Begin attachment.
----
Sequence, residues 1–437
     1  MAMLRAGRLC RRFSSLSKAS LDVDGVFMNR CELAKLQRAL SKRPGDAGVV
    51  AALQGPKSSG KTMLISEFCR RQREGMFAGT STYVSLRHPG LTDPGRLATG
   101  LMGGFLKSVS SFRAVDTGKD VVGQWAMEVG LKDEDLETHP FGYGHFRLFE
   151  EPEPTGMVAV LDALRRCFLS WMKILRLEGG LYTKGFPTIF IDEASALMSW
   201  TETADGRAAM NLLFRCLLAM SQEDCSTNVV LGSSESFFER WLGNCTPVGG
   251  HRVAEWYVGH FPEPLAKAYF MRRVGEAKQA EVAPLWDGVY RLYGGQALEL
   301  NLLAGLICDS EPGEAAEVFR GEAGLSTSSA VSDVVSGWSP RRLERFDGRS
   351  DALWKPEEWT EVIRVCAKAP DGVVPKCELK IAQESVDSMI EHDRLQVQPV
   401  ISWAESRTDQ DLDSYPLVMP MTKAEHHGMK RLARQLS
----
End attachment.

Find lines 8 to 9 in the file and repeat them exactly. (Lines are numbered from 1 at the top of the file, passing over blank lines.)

   301  NLLAGLICDS EPGEAAEVFR GEAGLSTSSA VSDVVSGWSP RRLERFDGRS
   351  DALWKPEEWT EVIRVCAKAP DGVVPKCELK IAQESVDSMI EHDRLQVQPV